All the films from all the editions, including those subsequently removed, presently totalling 1167. An easy way of seeing how…
The Thin Blue Line
A softcore movie, Dr. Death, a chocolate milkshake, a nosey blonde and "The Carol Burnett Show." Solving this mystery is going to be murder.
Errol Morris's unique documentary dramatically re-enacts the crime scene and investigation of a police officer's murder in Dallas.
Not a documentary about pregnancy tests
I knew what Thin Blue Line was about and I had some idea of its real-world implications, as that seems to be the central discussion surrounding the film the majority of the time but holy shit - what an absolutely transcendent piece of documentary filmmaking.
Morris’ haunting, repetitious use of re-enactments. The way the aesthetic at one moment bleeds into sensationalism and then highlights truth in the next. The way it's constructed to slowly reveal details, letting the audience participate, constantly evaluating then re-evaluating the information we’re receiving and our perceptions of those feeding it to us. The way it masterfully builds to a joke the same way it does to its most shocking revelations. And of course, the way it exposed a corrupt system and literally saved a life. Thin Blue Line is a film truly like no other.
If there was ever a hell on earth, it's Dallas County.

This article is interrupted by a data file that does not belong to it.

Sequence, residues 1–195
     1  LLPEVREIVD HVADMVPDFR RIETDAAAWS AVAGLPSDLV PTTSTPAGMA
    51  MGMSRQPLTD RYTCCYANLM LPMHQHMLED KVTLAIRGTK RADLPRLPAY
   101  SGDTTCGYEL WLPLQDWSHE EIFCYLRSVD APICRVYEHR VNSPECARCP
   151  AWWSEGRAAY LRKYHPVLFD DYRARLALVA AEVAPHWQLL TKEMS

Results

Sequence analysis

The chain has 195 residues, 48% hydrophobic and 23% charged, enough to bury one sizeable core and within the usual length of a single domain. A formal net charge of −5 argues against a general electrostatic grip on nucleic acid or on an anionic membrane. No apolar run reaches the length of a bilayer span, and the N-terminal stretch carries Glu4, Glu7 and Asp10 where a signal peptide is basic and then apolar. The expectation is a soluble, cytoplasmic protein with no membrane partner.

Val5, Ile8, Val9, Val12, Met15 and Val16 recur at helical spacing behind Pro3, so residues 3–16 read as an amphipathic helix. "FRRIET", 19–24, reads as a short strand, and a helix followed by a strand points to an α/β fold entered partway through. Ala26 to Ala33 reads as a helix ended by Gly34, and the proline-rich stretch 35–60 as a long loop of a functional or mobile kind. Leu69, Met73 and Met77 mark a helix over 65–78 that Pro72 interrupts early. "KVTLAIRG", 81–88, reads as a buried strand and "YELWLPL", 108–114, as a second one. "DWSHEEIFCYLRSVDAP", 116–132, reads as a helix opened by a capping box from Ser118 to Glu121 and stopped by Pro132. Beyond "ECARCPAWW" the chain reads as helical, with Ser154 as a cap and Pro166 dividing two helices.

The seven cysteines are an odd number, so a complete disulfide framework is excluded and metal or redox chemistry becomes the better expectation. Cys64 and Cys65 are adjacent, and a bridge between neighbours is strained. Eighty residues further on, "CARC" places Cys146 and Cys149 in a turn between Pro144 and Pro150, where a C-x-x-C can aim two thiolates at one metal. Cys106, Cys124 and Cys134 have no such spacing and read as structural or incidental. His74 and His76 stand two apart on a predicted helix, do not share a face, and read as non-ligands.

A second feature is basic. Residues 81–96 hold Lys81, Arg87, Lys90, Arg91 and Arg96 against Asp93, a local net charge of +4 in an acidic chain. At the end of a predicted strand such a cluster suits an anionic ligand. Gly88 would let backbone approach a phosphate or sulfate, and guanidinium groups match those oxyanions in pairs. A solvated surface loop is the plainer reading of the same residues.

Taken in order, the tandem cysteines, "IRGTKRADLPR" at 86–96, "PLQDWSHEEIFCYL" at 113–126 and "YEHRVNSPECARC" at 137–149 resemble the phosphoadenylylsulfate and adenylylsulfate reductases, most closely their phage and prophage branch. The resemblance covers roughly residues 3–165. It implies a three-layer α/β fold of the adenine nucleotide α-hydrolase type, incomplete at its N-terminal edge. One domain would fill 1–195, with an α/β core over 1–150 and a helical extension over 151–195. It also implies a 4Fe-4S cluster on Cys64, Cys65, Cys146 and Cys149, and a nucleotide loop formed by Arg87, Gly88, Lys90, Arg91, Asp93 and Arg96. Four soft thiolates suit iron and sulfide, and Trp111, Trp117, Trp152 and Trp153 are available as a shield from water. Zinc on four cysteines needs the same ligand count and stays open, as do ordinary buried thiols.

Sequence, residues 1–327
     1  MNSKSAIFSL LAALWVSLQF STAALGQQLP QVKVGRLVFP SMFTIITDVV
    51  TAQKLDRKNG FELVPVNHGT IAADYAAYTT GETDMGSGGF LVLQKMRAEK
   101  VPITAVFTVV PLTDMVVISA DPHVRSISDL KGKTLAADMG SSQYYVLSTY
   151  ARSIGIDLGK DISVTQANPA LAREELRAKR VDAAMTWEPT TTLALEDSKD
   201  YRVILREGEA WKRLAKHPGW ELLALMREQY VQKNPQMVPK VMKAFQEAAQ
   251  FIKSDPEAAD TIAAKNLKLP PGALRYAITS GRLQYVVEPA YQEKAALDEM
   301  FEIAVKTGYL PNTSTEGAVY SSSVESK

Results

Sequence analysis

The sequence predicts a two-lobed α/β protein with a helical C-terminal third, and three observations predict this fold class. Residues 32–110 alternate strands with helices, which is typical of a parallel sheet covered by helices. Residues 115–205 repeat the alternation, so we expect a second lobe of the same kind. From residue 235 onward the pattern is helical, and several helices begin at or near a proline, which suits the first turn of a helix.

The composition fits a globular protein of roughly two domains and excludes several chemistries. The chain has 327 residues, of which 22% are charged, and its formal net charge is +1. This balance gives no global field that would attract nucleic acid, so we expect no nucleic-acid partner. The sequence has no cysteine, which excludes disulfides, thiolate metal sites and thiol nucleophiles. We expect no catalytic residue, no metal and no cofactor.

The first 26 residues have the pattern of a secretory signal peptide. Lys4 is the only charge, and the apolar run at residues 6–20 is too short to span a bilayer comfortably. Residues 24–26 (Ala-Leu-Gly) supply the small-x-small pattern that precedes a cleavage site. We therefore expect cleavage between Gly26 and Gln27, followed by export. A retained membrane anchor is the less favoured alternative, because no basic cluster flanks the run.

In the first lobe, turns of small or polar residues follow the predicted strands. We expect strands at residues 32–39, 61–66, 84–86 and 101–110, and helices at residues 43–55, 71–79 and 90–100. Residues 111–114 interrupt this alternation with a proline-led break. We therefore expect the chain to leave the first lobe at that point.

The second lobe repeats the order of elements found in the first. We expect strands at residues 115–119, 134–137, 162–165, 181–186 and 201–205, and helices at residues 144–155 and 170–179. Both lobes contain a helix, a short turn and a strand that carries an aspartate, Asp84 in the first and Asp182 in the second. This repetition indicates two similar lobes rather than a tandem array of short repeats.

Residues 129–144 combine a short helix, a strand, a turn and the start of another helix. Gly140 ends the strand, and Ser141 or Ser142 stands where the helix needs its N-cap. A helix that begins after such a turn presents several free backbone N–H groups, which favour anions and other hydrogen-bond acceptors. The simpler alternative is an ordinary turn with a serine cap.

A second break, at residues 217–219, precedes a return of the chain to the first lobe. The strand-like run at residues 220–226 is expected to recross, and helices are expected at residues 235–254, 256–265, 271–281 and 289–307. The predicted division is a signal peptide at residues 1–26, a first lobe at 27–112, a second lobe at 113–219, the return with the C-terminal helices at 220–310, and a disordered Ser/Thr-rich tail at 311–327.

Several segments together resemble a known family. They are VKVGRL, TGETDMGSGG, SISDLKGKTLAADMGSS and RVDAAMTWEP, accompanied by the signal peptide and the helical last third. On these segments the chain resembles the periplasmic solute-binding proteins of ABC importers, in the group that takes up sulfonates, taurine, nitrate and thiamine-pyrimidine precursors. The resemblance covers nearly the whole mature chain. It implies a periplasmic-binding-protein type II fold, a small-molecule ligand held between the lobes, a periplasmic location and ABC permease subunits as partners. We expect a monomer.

Proof that films can actually change lives with verifiable results. Originally Errol Morris was doing research for a planned documentary on psychiatrist Dr. James Grigson (aka Dr. Death), but in doing so met Randall Adams, a man convicted of murder and sentenced to death. The chance meeting not only changed the subject matter of Morris' documentary, but changed lives and created the template for practically every investigative crime documentary film and television show made in the last 25 years.
The film is deeply disturbing by simply asking questions to people in power and letting them run their mouths in front of a camera. It becomes painfully evident…
Review In A Nutshell:
A fascinating crime/legal story, intelligently told through excellent editing and engaging re-enactments. It is films like this that makes me want to dip my toes into the world documentary filmmaking.
"If there was ever a hell on earth, it's Dallas County."
As of recently I have become very interested in murder cases and court proceedings, involving the question of innocence at the tragic loss of a life. I just finished the engrossing podcast Serial, that questions the guilt of Adnan Syed over the murder of Hae lee. I didn't really come out with any definite opinions on his innocence, but it was a very interesting listen, going into remarkable detail on the most minute aspects of testimonies and alibi's. And it felt all the more intense because it actually happened, and real people are suffering, it is not the same as actors being paid millions of dollars an episode to…
This should be required watching for anyone who gets jury duty. Errol Morris' masterful handling of the details of the case, along with his fluid reconstructions come together to create an engrossing documentary. Literally changing the life of the man involved, Morris' film forever blurred the line between art and activism.